I rarely agree with Roger Ebert’s reviews, but he captured Wilder’s performance perfectly (despite a shitty two-star review) when he described it as “his own brand of complex vulnerability”. His Avram is humble and forgiving to a fault, always rising above and being a good person.
Although not credited, Wilder wrote much of the dialogue in The Frisco Kid. He hired two rabbis and a cantor to help him beef up his lapsed Jewish upbringing and education, so that he could sing prayers and immerse himself in this divine performance. There’s a fantastic excerpt from a book in which he’s interviewed and talks about it in detail, I highly recommend giving it a read.
A lot of critics panned The Frisco Kid for too much ethnic humour, but that was totally Wilder’s intent – ‘what would it be funny for a rabbi to do?’. If you look at it that way, it’s a massive success. You have Avram trying (and failing) to work on a railroad, to club fish in a stream using a tree branch, falling off a horse, teaching Native Americans to do the ‘dance of his people’, learning how to say ‘oh shit’…
There’s this hilarious scene where Avram meets a group of Amish farmers and, assuming they’re Jewish, starts shouting crazily in Yiddish. Apparently Wilder’s entire rant came directly from the lips of Mel Brooks.
Another thing The Frisco Kid excels at is subtle commentary on prejudice. It’s not as overt as Blazing Saddles, where you’ve got n-bombs going off. Instead, you get a Chinese railroad worker mocking Avram for talking funny, and then Avram himself using stilted English to address a Native American chief (Val Bisoglio) who, in turn, mocks his grammar.
The aforementioned dance scene, in which Avram is urged to teach the Native Americans one of his dances, is actually quite powerful. It’s everything 2020 needs: people of different beliefs recognizing their common ground and just dancing it out.
That’s the thing about The Frisco Kid that hooked me – you’re going along thinking it’s dumb comedy fun, and then you realize it’s got an amazing message about perseverance and staying true to yourself against all odds.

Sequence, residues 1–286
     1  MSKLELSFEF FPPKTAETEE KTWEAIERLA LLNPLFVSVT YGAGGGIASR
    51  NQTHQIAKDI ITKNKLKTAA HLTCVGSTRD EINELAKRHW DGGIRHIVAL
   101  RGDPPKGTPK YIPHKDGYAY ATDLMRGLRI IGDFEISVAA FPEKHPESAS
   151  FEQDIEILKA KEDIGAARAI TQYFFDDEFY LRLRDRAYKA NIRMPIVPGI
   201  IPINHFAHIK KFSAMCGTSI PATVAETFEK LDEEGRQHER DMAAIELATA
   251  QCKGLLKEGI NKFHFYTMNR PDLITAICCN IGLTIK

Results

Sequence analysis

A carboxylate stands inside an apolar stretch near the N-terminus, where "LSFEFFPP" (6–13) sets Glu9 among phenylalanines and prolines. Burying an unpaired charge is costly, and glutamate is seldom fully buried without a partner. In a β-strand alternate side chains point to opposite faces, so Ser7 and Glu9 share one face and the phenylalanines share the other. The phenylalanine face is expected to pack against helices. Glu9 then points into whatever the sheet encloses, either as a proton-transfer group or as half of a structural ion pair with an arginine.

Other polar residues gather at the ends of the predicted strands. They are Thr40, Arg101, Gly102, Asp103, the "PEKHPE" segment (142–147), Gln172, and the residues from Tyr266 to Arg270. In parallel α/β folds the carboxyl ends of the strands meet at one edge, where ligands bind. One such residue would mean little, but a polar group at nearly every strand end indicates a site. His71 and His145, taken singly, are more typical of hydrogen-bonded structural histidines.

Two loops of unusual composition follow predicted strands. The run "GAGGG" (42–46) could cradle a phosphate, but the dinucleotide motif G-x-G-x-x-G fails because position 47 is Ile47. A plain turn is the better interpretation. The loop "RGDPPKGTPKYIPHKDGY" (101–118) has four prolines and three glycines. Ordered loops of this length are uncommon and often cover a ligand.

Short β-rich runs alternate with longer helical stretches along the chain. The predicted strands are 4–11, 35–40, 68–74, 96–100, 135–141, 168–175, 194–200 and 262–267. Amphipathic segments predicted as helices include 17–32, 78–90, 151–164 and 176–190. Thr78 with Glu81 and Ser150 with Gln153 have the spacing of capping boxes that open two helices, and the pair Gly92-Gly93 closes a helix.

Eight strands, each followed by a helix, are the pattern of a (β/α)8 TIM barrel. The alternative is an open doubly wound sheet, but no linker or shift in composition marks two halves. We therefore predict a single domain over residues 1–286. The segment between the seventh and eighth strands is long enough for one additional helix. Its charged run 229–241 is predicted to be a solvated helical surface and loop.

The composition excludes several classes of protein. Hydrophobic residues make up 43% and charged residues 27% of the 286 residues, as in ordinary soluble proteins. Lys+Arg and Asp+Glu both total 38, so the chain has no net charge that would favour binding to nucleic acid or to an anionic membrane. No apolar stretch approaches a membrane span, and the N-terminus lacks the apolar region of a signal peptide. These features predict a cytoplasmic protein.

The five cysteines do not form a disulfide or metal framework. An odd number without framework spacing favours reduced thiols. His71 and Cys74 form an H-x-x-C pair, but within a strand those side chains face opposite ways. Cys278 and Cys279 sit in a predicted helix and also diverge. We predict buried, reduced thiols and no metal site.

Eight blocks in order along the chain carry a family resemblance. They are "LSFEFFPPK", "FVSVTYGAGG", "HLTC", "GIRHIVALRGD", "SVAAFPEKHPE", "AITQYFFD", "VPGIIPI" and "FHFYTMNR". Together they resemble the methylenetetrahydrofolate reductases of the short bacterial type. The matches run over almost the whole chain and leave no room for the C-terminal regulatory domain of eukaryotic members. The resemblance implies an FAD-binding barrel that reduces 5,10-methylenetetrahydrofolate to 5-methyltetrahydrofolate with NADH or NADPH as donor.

Obviously this movie also starred Harrison Ford, shortly after his first turn as Han Solo in Star Wars. He’s great as Tommy, don’t get me wrong. It’s just hard to stop raving about Wilder’s performance!
The bank robber with a heart of gold isn’t a particularly unique character. But Ford has fantastic chemistry with Wilder, and balances Avram’s wide-eyed innocence with that cheeky ruggedness that made Han Solo and Indiana Jones so popular. He radiates intensity every time his character draws a gun.
Bonus sighting of Vincent Schiavelli, aka ‘that creepy guy’ you know from countless older movies and TV.
I shouldn’t have been surprised that The Frisco Kid is a heartwarming story; it’s Gene F*cking Wilder. His face can hit you right in the feels, every time. The way Ford and Wilder play off each other, and build their characters’ friendship, is just beautiful.
If you enjoy Mel Brooks’ style and Gene Wilder in general, this movie would be up your alley. It’s lightly farcical and a tad ridiculous, but also so f*cking sweet and uplifting that if you don’t like it you’re dead inside. It’s the perfect choice if you need cheering up – or if you need something light after watching too many horror movies (because October).